Some family farms have other access.

Organic farmers do not use GMO seeds.

eatlocalfood 5 years, 3 months ago

I believe that the issue of contradictory testimony is in reference to the Kansas Farm Bureau Policy, not the organization's bylaws. Policy, if I am not mistaken, is revisited annually by delegates at an annual meeting. Delegate vote, section by section, on policy positions. The end result serves as the member-approved policy until the next annual meeting.

Brock Masters 5 years, 3 months ago

I think you're right unfortunately the lobbyist often stray from the member policy when it suits them.

Michael LoBurgio 5 years, 3 months ago

speedy47 don't give the republicans any ideas!

Michael LoBurgio 5 years, 3 months ago

The Kansas House Republicans approved a $400 million middle class tax increase. Last week, Senate Republicans approved $500 million middle class tax hike. The Governor's latest tax plan includes a $700 million middle class tax hike. All of these proposals were introduced to pay for tax cuts Governor Brownback pushed through in 2012, which give the top earners in the state an average tax cut of about $20,000 while enabling business owners go income tax free. None of these plans will generate enough revenue to allow for restored funding of Kansas schools. Please share - your neighbors need to know what is happening in Statehouse.

Joe Hyde 5 years, 3 months ago

If the Brownback administration succeeds in repealing the current restrictions on corporate farming, corporate farming operations can move into any county they like, anytime they choose. And they'll move in deliberately ignoring the commonsense safety, public health and water supply concerns expressed by local officials.

By pushing so hard for this quick de-regulation measure, Gov. Brownback is trying to lay the whole state wide open to "loot and pollute" abuse by distant corporate boards and stockholders who, bottom line, don't give a damn whether the Kansas environment is profitable, or even habitable, for generations to come.

globehead 5 years, 3 months ago

Wonder why he's interested in helping corporate farms? Wonder how many of these are relatives? Sam is from Parker, KS. By the way, he doesn't want to accept money from the federal govt. for the arts because that contributes to the deficit.

EWG Farm Subsidy Database

Individual Subsidy Recipients named BROWNBACK: 1 to 18 of 18 in Kansas Last Name: BROWNBACK Rank Name Location Subsidy Total 1995-2011 (1). Glen R Brownback Parker, KS 66072 $ 395,511.74 (2). James R Brownback Parker, KS 66072 $ 348,400.58 (3). Loyd A Brownback Mound City, KS 66056 $ 233,385.15 (4). Mary K Dare Brownback Mound City, KS 66056 $ 81,562.18 (5). Sam Brownback Topeka, KS 66610 $ 48,852.00 (6). John Brownback Mound City, KS 66056 $ 42,424.04 (7). Leo Brownback Mound City, KS 66056 $ 25,350.01 (8). Carlene L Brownback Centerville, KS 66014 $ 25,263.40 (9). Marion Brownback Centerville, KS 66014 $ 19,760.06 (10). Alan L Brownback Lyndon, KS 66451 $ 5,765.00 (11). Keith Brownback Centerville, KS 66014 $ 3,687.00 (12). Herbert Brownback Lacygne, KS 66040 $ 2,831.00 (13). Nancy E Brownback Lyndon, KS 66451 $ 2,631.00 (14). Mary L Brownback La Cygne, KS 66040 $ 1,611.00 (15). Clyde Brownback Parker, KS 66072 $ 1,337.00 (16). B T Brownback Blue Mound, KS 66010 $ 1,273.00 (17) . Leona L Brownback Caldwell, KS 67022 $ 1,199.00 (18). Leora Brownback Parker, KS 66072 $ 594.00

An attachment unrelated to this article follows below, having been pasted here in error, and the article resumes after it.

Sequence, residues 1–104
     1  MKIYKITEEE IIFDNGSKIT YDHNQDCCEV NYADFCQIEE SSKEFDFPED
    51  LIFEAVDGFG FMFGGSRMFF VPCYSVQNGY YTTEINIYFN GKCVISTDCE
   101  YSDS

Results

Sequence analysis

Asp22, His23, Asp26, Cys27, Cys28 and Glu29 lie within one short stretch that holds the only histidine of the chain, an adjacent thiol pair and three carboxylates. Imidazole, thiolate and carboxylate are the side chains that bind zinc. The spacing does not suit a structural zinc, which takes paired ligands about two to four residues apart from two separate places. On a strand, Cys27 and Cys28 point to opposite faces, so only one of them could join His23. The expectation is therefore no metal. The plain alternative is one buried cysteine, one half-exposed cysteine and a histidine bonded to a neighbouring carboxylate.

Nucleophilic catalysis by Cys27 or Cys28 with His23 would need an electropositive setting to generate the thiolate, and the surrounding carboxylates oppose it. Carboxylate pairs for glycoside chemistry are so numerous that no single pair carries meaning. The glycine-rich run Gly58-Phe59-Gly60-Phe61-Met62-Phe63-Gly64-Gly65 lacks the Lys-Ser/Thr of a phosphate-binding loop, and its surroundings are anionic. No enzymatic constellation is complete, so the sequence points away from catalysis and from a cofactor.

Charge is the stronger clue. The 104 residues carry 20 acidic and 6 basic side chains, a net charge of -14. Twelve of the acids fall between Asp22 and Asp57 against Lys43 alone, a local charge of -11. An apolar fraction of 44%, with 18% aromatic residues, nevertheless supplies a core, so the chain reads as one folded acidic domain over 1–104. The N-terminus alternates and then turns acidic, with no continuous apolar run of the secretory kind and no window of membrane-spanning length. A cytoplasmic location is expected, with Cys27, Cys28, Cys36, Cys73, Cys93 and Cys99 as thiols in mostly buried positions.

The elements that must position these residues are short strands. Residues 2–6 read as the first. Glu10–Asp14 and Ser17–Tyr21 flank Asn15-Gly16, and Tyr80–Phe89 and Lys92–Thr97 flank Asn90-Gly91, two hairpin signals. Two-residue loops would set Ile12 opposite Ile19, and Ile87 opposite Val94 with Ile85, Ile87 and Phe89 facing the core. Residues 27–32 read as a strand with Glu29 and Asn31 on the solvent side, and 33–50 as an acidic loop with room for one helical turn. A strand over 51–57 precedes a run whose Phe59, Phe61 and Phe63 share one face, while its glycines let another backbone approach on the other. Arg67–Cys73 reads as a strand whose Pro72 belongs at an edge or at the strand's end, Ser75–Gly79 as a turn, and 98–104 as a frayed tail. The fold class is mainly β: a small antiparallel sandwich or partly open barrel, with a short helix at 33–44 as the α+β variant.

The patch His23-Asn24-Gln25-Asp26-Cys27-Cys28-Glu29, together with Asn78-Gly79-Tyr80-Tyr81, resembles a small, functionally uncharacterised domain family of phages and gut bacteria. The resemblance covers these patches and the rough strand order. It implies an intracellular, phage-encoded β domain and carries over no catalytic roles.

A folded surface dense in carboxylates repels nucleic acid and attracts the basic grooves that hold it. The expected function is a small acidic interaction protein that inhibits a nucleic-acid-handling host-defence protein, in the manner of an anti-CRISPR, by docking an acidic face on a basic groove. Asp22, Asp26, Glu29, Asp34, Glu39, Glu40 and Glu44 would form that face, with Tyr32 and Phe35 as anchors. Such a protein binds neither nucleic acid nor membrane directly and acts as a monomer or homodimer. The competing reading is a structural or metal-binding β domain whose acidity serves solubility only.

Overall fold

Jeremiah Jefferson 5 years, 3 months ago

I like the smaller family farms much better. The people are better, more friendly and easy to talk to. Corporate farms means wealthy land grabbers who half of the time don't even live in this state. We need to keep Kansas land, Kansas owned.

grandnanny 5 years, 3 months ago

I particularly like the part about the jobs created and the workers required for these jobs. It fits right in with Brownback's plan to destroy public education because you do not want people who read, think, or question. Brownback wants an education system that fits the jobs being created by the large corporate farms - brainless, easily manipulated, no questions asked. How do you like being part of Brownback's great experiment? I don't.

juma 5 years, 3 months ago

I am canceling my Farm Bureau insurance policy. Suggest all Kansas farmers do the same.